A few years after their report was published, bureaucratic types must have skimmed the report and accepted the basic safety of vent-free appliances. Again, unfortunately, non-technical types have missed the need to enforce regional differences and the absolute need for sizing the gas appliance to meet the supplementary heating needs of the square footage involved and as outlined in the AGAR report.
In other words, what may be installed safely in Fort Lauderdale, may not be so good for a family with the same size room in Chicago or Minnesota. In other words, if a dealer in Chicago carries the same brand and model as the dealer in Fort Lauderdale, they are going to sell it to the first person who asks for it, that's what they do for a living. Are they going to stop, review the charts prepared by AGAR and tell the consumer they can't sell it to them? The obvious answer is no. Are they going to tell the family from Minnesota that their house is constructed too tightly and won't permit the required fresh air to infiltrate into their home to allow the appliance operate safely? Not likely.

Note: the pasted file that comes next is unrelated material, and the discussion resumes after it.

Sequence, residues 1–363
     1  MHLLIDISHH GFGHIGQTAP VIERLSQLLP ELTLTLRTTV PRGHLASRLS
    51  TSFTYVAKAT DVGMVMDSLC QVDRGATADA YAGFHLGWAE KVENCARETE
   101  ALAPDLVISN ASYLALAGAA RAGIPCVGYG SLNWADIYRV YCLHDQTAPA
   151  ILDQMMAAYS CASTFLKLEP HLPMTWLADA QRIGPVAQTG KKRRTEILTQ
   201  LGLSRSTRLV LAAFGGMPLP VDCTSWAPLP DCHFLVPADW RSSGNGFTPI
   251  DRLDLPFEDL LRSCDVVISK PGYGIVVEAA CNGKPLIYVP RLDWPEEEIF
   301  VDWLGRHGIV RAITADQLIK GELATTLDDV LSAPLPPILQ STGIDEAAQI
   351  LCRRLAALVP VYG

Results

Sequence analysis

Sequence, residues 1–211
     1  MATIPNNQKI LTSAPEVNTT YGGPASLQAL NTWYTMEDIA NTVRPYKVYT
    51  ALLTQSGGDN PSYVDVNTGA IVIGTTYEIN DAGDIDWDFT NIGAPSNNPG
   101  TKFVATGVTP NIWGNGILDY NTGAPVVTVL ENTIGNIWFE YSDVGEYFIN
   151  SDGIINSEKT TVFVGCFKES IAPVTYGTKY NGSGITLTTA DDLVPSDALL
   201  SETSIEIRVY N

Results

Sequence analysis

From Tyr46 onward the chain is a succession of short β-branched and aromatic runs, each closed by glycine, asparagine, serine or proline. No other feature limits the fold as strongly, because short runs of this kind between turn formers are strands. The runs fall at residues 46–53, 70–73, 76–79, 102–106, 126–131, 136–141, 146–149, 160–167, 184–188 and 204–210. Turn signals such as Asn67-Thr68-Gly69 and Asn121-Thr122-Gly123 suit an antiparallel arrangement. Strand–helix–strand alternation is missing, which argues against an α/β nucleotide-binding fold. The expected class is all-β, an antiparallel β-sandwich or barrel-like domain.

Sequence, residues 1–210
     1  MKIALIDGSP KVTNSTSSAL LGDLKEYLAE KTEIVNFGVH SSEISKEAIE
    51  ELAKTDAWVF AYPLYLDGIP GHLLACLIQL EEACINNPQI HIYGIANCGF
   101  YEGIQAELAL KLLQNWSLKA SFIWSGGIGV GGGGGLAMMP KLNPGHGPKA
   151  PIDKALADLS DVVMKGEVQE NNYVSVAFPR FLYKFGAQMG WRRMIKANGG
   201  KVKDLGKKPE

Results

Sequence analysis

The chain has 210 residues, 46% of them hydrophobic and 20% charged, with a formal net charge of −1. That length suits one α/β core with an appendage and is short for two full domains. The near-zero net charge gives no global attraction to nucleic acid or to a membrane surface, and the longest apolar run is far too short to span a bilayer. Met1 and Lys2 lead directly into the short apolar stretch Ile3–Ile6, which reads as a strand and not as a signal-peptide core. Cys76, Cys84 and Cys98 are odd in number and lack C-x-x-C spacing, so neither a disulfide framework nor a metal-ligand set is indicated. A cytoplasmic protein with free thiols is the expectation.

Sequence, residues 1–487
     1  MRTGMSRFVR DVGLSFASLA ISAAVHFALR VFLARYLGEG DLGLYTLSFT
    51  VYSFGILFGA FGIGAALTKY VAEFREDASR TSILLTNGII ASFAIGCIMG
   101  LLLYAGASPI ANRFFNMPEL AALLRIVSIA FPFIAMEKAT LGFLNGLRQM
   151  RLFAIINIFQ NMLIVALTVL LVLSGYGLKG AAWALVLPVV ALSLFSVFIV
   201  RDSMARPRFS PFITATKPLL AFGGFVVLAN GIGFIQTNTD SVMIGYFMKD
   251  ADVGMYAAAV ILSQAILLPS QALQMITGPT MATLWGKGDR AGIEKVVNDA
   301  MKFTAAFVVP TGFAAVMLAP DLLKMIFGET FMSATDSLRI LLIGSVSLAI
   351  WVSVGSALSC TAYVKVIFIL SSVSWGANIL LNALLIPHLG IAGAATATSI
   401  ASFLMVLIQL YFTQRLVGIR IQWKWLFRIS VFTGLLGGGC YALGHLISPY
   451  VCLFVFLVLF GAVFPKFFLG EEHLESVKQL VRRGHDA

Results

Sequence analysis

After once more reviewing the report prepared by AGAR I have no doubts that the results of tests they conducted in 1995/96, under the conditions, with blue flame burners and product sizes they selected, were good. I would now like them to take a vent-free fireplace, with artificial logs and a burner with the primary air choked to produce a yellow flame, double the input rate of the appliance over what they tested in 1996, reduce the fresh air allowed into the space to what is typical for northern states. How many people leave a window open in January?
I have absolutely no doubts that these tests would tell a different story about the adverse indoor environmental health hazards generating from the vent-free fireplaces on the market today.
Research facilities and test agencies do not typically think about "real-life" applications. They don't want the added stress of the "what if this happens?" situations. They don't usually consider multiple failure factors that can and does result in tragedy. Like what would happen if an over-sized fireplace was installed in a tightly sealed home? Trust me, it happens every day.